God's great work is the creation and redemption of the world wrought through the death and resurrection of Jesus Christ. The one essential work in which we are all called to participate is God's transforming love.
The Catholic Meaning of Labor Day
Labor Day is primarily a civil holiday and social event, but it also has religious significance, at least in Catholic circles. The Church uses the occasion to reaffirm its teaching about the dignity and value of workers and the work they do. We recall that work is not an end in itself, but rather a sharing in God’s work of creation and redemption.
The social justice teaching of the Church insists that every person has a right and duty to work; that workers deserve just compensation and safe working conditions; and that our work is directed to the benefit of our families, our community, and our nation. On Labor Day we should pray for those who are unemployed and underemployed, conditions that take a toll on the quality of life for individuals and families.
The Catholic observance of Labor Day also teaches us that how we do our work is as important as the specific kind of work we do. Every task, however menial in human terms, has true and lasting value if done for the right reason and with proper intention. “Whatever you do, do it in the name of the Lord Jesus.” (Col 3:17)
At the same time, our serious commitment to work should also be balanced by other human values. Some people work too hard. They become workaholics and their work becomes their life. To be fully human, fully alive, we need time to rest, relax, recreate and pray. Even God rested on the seventh day! And Jesus encouraged his disciples to, “Come away by yourselves to a lonely place and rest a while.” (Mk 6:31)
—Excerpted from Bishop Thomas J. Tobin, Diocese of Providence
Meditation on Work
God's fundamental and original intention with regard to man, whom he created in his image and after his likeness, was not withdrawn or canceled out even when man, having broken the original covenant with God, heard the words: "In the sweat of your face you shall eat bread." These words refer to the sometimes heavy toil that from then onward has accompanied human work; but they do not alter the fact that work is the means whereby man achieves that "dominion" which is proper to him over the visible world, by "subjecting" the earth. Toil is something that is universally known, for it is universally experienced. It is familiar to those doing physical work under sometimes exceptionally laborious conditions. It is familiar not only to agricultural workers, who spend long days working the land, which sometimes "bears thorns and thistles," but also to those who work in mines and quarries, to steelworkers at their blast furnaces, to those who work in builders' yards and in construction work, often in danger of injury or death. It is also familiar to those at an intellectual workbench; to scientists; to those who bear the burden of grave responsibility for decisions that will have a vast impact on society. It is familiar to doctors and nurses, who spend days and nights at their patients' bedside. It is familiar to women, who sometimes without proper recognition on the part of society and even of their own families bear the daily burden and responsibility for their homes and the upbringing of their children. It is familiar to all workers and, since work is a universal calling, it is familiar to everyone.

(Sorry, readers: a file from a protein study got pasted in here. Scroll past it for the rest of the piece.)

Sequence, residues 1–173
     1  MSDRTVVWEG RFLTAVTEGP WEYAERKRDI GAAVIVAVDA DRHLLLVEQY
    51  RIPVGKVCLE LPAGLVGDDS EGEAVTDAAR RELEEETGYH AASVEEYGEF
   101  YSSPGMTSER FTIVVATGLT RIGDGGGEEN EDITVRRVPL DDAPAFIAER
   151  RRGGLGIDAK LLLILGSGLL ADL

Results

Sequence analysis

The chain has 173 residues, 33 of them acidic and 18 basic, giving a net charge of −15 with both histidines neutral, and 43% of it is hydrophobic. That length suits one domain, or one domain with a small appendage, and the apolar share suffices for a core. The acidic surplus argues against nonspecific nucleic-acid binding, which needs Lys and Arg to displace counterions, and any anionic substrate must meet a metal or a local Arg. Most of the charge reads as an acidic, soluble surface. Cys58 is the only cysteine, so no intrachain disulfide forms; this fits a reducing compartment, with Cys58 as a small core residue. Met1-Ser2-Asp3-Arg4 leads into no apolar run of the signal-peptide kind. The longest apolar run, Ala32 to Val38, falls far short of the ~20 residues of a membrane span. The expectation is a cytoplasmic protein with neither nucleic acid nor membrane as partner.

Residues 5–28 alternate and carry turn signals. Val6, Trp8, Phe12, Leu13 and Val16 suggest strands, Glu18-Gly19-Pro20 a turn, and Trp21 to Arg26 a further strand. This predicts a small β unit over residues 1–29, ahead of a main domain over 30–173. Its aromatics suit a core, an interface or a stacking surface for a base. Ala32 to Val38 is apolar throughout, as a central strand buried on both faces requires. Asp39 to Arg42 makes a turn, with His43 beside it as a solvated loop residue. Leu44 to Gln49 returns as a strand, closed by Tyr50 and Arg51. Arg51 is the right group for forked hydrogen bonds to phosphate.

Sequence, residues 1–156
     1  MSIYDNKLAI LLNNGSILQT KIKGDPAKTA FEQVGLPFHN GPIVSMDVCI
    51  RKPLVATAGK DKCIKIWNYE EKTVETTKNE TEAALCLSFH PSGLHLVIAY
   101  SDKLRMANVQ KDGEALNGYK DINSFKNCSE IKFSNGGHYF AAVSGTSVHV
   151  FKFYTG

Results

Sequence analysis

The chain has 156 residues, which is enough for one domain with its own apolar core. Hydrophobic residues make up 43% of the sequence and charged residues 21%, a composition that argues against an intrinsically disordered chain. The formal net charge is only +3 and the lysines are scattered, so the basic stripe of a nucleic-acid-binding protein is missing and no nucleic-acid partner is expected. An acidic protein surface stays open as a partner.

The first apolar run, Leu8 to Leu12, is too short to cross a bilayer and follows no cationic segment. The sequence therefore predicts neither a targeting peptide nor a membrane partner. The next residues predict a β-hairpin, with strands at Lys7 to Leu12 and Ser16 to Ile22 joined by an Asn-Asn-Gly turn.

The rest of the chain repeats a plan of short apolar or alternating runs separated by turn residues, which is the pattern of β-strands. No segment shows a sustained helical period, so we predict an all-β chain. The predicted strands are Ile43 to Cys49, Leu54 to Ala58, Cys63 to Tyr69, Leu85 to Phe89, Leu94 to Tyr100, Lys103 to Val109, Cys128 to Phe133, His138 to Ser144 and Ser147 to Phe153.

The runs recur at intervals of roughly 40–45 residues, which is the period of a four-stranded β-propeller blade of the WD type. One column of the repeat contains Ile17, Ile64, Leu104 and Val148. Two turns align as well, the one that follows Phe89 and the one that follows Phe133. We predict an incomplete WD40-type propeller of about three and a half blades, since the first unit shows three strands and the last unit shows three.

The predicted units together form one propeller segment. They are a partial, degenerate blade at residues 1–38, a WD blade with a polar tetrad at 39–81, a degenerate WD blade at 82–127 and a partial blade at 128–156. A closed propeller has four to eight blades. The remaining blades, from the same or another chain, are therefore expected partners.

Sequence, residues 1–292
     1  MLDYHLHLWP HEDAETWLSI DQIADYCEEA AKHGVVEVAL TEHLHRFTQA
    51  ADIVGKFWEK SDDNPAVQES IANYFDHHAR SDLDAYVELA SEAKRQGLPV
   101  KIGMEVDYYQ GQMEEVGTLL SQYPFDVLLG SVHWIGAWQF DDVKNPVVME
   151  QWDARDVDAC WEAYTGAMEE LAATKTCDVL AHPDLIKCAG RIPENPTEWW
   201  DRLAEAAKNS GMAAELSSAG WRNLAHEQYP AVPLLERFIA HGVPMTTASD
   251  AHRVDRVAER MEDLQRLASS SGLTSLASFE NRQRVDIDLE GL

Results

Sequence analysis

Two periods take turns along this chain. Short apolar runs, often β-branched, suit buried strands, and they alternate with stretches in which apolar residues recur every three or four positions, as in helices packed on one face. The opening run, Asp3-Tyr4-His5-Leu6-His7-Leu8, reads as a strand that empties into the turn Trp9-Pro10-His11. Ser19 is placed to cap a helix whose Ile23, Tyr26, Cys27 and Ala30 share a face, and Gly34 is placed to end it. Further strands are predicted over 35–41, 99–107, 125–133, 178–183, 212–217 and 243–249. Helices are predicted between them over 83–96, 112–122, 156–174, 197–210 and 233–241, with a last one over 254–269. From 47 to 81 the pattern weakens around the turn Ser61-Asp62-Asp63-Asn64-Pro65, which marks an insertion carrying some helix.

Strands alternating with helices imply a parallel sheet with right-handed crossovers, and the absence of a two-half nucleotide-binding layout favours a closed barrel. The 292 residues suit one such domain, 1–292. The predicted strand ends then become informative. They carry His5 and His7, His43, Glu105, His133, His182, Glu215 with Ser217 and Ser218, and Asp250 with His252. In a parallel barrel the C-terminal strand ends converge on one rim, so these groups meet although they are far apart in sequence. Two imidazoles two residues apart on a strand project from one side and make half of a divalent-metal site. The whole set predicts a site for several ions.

And yet in spite of all this toil—perhaps, in a sense, because of it—work is a good thing for man. Even though it bears the mark of a "bonum arduum," in the terminology of St. Thomas, this does not take away the fact that, as such, it is a good thing for man. It is not only good in the sense that it is useful or something to enjoy it is also good as being something worthy, that is to say, something that corresponds to man's dignity, that expresses this dignity and increases it. If one wishes to define more clearly the ethical meaning of work, it is this truth that one must particularly keep in mind. Work is a good thing for man—a good thing for his humanity—because through work man not only transforms nature, adapting it to his own needs, but he also achieves fulfillment as a human being and indeed in a sense becomes "more a human being."
Without this consideration it is impossible to understand the meaning of the virtue of industriousness, and more particularly it is impossible to understand why industriousness should be a virtue: For virtue, as a moral habit, is something whereby man becomes good as man. This fact in no way alters our justifiable anxiety that in work, whereby matter gains in nobility, man himself should not experience a lowering of his own dignity. Again, it is well known that it is possible to use work in various ways against man, that it is possible to punish man with the system of forced labor in concentration camps, that work can be made into a means for oppressing man, and that in various ways it is possible to exploit human labor, that is to say, the worker. All this pleads in favor of the moral obligation to link industriousness as a virtue with the social order of work, which will enable man to become in work "more a human being" and not be degraded by it not only because of the wearing out of his physical strength (which, at least up to a certain point, is inevitable), but especially through damage to the dignity and subjectivity that are proper to him.
—Excerpted from Laborem Exercens
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